Charisse Carney-Nunes is Senior Vice President of The Jamestown Project and author of the children’s book, I Am Barack Obama. She was the invited guest at the Burlington, NJ school where the kids sang for her a song about President Obama. A popular YouTube video showing the schoolchildren singing is currently at the center of the national controversy on alleged “school indoctrination.”
Much political hay has been made over the video of the New Jersey school children singing about President Obama and I have since found myself at the center of this firestorm. Conservative commentators and media outlets have labeled this “indoctrination by schools,” fueling their listeners recently to conduct a politicized protest in front of an elementary school while in session. Contrary to this position, I believe the song – which was initiated by the school’s children, not by me – represents a refreshing example of civic expression, creativity and engagement that is sorely needed in our nation’s schools.
Civic education is the teaching of knowledge, skills, values, and character needed to grow into a responsible and active participation in American democracy. It is an effort to instill the values of civility, understanding and respect. Through the civic education of elementary-aged children, I have found that they not only begin to understand their place in the world, but also begin to comprehend their power and potential to make a difference in their own lives, their family, their communities, and their country.
It is a widely accepted notion that instruction related to democratic citizenship has declined in our schools in recent years. Educators pressured by such issues as budget woes, the requirements of No Child Left Behind and high stakes testing have understandably increased their instructional time in core subjects like math and reading. “Softer subjects” like civics, social studies and art have taken a back seat.
And while most schools, in fact, cover social studies and civics to some degree, a recent study by the New Jersey Campaign for the Civic Mission of Schools, for example, found only 39% of districts in that state had implemented the required course in civic education and even fewer districts offered training opportunities in civic education for teachers. Moreover, another national study found that even when schools implement civic education, there is more of a focus on history than on information designed to connect civics and participation to current events that have relevance to the student’s everyday lives.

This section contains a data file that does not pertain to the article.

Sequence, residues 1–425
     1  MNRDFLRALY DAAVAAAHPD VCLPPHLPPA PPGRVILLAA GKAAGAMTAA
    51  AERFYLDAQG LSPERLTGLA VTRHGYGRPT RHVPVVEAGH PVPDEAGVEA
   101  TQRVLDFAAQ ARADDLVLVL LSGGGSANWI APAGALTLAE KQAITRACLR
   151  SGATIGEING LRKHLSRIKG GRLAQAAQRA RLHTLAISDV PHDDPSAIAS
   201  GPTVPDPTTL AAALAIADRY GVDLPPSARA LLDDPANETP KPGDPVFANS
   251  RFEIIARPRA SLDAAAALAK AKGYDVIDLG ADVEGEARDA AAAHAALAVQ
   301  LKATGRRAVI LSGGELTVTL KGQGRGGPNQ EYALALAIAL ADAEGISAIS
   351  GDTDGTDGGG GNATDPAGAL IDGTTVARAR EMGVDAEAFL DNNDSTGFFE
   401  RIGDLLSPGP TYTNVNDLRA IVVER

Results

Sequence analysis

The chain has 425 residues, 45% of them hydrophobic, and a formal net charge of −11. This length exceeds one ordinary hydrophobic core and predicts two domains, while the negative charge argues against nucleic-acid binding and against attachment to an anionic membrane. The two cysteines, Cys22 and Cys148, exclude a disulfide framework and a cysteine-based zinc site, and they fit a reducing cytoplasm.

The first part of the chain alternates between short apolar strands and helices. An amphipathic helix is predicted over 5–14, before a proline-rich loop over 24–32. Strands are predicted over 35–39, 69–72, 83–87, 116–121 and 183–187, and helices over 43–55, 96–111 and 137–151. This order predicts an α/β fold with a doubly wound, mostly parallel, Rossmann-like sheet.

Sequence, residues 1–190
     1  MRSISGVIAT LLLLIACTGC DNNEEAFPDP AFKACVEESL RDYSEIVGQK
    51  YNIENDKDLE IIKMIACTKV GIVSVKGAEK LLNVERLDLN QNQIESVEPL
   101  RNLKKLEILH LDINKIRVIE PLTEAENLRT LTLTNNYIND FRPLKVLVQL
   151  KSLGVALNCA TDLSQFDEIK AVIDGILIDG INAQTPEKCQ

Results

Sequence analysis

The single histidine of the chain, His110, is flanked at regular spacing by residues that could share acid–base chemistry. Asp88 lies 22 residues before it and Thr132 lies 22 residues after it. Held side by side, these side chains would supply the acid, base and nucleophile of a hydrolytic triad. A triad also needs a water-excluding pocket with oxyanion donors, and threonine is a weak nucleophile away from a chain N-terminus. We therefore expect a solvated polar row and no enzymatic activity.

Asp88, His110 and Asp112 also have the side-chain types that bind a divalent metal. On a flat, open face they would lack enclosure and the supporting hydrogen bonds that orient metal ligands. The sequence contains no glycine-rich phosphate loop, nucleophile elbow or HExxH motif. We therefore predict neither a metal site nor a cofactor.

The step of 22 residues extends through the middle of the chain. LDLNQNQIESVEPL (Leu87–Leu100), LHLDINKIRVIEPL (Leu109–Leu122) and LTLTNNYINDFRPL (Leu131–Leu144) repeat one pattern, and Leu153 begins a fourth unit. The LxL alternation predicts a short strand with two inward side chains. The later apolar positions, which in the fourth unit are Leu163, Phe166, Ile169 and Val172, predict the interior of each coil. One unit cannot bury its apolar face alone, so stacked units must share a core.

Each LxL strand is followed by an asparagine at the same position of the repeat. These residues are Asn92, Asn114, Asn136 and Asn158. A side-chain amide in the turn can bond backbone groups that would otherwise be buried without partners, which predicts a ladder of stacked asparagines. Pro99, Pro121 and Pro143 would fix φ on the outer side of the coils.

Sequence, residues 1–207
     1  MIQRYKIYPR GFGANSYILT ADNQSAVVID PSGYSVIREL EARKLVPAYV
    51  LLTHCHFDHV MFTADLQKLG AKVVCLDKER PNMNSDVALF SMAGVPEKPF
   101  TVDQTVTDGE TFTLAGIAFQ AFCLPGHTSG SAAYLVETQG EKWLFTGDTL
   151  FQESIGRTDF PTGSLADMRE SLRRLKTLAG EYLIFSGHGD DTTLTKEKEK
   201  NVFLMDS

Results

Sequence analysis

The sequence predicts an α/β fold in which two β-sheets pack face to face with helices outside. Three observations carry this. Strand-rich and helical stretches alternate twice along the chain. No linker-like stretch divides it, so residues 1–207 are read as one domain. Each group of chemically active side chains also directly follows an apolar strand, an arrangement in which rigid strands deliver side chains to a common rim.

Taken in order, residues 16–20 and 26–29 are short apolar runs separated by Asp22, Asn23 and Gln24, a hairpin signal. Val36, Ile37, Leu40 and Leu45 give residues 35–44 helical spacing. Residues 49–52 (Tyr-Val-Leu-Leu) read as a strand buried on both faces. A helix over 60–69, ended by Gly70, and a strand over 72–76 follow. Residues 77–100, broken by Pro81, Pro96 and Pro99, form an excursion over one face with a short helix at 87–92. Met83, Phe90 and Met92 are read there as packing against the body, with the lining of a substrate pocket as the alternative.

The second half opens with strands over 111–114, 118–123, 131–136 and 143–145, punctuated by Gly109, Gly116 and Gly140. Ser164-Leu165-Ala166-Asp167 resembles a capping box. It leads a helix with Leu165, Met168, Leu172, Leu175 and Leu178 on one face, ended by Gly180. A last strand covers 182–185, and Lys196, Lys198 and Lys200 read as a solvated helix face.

On January 20, 2009, the American citizenry – including our youngest citizens – witnessed a watershed event our nation’s history that was relevant to our everyday lives. Nearly 400 years after the first Africans were brought to the Jamestown Colony in shackles, their sons and daughters ascended – along with the American imagination – to occupy a civic space that was previously unthinkable.
And my experience, as I traveled the country listening to children in recent years, is that event our youngest citizens understood this awesome event. Educators across the nation and even the world sought opportunities to capture this inspiration and to create the place and the space for children to express it. Not only does this fall far short of politically motivated cries of “indoctrination,” but had it would have been irresponsible for educators to do otherwise.
Children have an amazing capacity to understand difficult topics when we take the time to explain them. Democracy, community, diversity, justice – these are all concepts that children not only can understand, but also must understand if we are going to inspire them to awaken the important values that they will need to grow into healthy and productive citizens who will act, participate and contribute great things to our country.
And our nation is certainly in need of these “participants” as children constitute 100% of our future. From its infancy, American democracy has always required a citizenry that is fully informed and motivated and mobilized to participate in democratic processes. Indeed, the virtues of American democracy would certainly be in peril if our nation’s children grow into “non-thinking men and women” who have little time or inclination to involve themselves in their communities and even less time for civil discourse and understanding.
Our American democracy is crying out for a new civility. We are starved by the rancor and divisiveness that inhabits the political extremes and dehydrated by a media that serves sensationalism, sound bytes and spin. We are malnourished by the unspeakable hate mail that I have received and by the reported death threats received by the principal for simply allowing students to express patriotism creatively in ways not dissimilar to what has happened in American schools for hundreds of years. I believe that if we are to nourish our great nation, the recipe begins in our classrooms with civic education, expression and creativity as was exemplified by the students in their song apparently embracing the President’s diversity, “Mmm mmm mmm, Barack Hussein Obama.”